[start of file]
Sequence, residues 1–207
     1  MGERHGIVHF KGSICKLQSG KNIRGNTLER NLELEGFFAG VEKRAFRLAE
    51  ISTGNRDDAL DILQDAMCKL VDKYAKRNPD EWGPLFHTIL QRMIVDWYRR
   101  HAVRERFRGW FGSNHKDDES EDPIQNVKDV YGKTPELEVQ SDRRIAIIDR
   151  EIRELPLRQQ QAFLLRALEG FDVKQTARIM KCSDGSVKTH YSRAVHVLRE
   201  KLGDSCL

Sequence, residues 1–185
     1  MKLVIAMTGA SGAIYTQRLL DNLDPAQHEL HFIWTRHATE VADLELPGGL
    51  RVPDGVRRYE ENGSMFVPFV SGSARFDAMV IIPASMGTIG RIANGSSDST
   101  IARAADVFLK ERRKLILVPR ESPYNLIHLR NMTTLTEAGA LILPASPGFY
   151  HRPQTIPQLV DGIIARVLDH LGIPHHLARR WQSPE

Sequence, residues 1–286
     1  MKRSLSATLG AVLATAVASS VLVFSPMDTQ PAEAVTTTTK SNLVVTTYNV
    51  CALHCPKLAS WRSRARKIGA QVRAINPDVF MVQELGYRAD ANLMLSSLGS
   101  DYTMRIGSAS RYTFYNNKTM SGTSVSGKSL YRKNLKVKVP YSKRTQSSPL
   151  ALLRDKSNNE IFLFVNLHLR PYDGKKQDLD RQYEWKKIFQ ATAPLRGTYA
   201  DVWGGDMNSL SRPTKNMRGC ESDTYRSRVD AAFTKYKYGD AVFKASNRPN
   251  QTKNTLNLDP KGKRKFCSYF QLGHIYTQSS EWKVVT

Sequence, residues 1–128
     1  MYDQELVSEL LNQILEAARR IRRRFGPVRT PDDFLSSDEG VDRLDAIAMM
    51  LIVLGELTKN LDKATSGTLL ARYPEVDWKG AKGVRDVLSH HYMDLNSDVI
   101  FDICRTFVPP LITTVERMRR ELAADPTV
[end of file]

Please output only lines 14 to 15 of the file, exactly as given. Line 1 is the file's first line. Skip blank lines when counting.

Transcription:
    51  CALHCPKLAS WRSRARKIGA QVRAINPDVF MVQELGYRAD ANLMLSSLGS
   101  DYTMRIGSAS RYTFYNNKTM SGTSVSGKSL YRKNLKVKVP YSKRTQSSPL